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The Atlantic Cares About Rich White People

Discussion in 'Journalism topics only' started by justgladtobehere, Oct 20, 2020.

  1. CD Boogie

    CD Boogie Well-Known Member

    Cant that be said of anyone who reads beyond a paywall? Arent rhey all echo chambers? The Athletic? The New Yorker? WSJ? the Times?

    where is the open source middle ground?

    frankly, i am down on news as a whole; i seek context, reflection, remove. And so i read magazines, The Economist, The Week.

    As a 20 year journo, it pains me to conclude that meeting day to day story budgets seems like our greatest undoing. We always ran half completed stories bc of incomplete background, self serving angles and quotes, etc.

    One of the most discombobulating things a citizen ever said to me was, “I dont read the daily newspaper. If it’s real news. i’ll hear about it; if it’s huge news, it will be in the history books.”

    In short, he was saying I was transcribing the ephemeral with little context. That has stuck with me.
     
    Last edited: Oct 23, 2020
  2. Liut

    Liut Well-Known Member

    A damn good perspective. I'm fortunate to work at a place now that gives me time and as much of a news hole as I need.

    Not much of anything I report is totally definitive, but I'm given more of an opportunity to chase a goal that cannot be caught.
     
    PaperDoll likes this.
  3. tonygunk

    tonygunk Member

    Real, responsible news reporting and talented feature writing costs money and is harder to get lots of people to click on. Breitbart is free.

    That's why we need a business model for news that doesn't depend on local news sources turning a razor-thin profit to survive. And that's to say nothing of the hedge funds actively trying to end them.
     
    Danwriter likes this.
  4. Azrael

    Azrael Well-Known Member

    Dog8Cats likes this.
  5. The Big Ragu

    The Big Ragu Moderator Staff Member

    playthrough and Dog8Cats like this.
  6. justgladtobehere

    justgladtobehere Well-Known Member

    Can anybody give the gist of the story? I get she is a fraud, but is there anything about the original piece?
     
  7. tonygunk

    tonygunk Member

    The gist is that admissions at elite schools like Ivy Leagues are getting so much more selective that a lot of affluent white people are resorting to overtraining their kids in sports because they have found that getting a scholarship to one of those schools makes it easier to get into the school. Like, you may have the grades to get into Yale, but that's not enough anymore, especially with the ~perceived~ injustice of affirmative action added on, so getting the school's coach to vouch for you is another way to get a leg up in admissions.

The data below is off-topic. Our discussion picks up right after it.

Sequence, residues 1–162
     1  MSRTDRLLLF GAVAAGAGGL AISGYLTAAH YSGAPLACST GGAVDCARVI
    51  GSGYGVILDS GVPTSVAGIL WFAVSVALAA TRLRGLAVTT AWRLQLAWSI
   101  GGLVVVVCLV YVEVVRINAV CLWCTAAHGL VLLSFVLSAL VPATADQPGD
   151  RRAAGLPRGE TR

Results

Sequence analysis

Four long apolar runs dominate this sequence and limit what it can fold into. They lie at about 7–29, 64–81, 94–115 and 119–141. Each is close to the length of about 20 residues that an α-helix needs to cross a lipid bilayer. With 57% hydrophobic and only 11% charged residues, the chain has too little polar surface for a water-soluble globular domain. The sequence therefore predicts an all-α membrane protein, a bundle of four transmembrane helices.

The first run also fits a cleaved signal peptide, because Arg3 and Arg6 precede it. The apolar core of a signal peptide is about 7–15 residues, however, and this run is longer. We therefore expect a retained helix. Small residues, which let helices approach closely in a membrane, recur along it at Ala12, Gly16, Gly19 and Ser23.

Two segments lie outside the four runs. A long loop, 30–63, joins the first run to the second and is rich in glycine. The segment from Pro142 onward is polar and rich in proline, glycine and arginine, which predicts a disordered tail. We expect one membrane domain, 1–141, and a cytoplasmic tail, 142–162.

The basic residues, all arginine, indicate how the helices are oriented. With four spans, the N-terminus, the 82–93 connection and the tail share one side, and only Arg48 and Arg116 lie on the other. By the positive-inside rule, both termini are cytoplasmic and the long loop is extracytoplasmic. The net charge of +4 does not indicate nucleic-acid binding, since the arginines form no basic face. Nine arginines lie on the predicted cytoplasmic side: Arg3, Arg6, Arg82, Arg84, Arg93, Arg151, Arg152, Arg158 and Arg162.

I didn't know about Ruth Shalit before reading the story. Having read that Eric Wemple thing, I get a very different vibe of the story. It read like it was an observant reporter parachuting into Connecticut. Knowing the truth about Ruth Shalit, it seems much more like someone just interviewing their friends and acquaintances. That doesn't delegitimize the point of the story to me (though that was probably the reason it didn't have sharp enough teeth, like many people in here pointed out), but still it is dishonest.
     
  8. BTExpress

    BTExpress Well-Known Member

    I had to look up four words/terms. Too highbrow for me, I guess.
     
  9. sgreenwell

    sgreenwell Well-Known Member

    Follow-up work by Wemple says that the fencing injury anecdote in her story is highly unlikely, as is the stuff about Olympic sized hockey rinks. I imagine there is probably more, but 1) he's not employed to be a full-time fact checker for her and 2) it doesn't really seem like The Atlantic wants to deal with the fuss of pulling the article, which strikes me as something they should do.
     
  10. https://www.washingtonpost.com/opinions/2020/10/30/atlantics-troubled-niche-sports-story/
     
  11. Small Town Guy

    Small Town Guy Well-Known Member

    Between this and the cop/security guard shooting story from the summer, a few shaky months there.

    This episode gave me a chance to go back and read Carr's piece on Shalit. I wasn't as familiar with her as I was with Glass (owing partly of course to the shrewd, sniveling performance by Hayden Christensen in the movie), who of course comes up in this story.

    Goodbye to All That - Washington City Paper
     
    Dog8Cats likes this.
  12. Mr. X

    Mr. X Member

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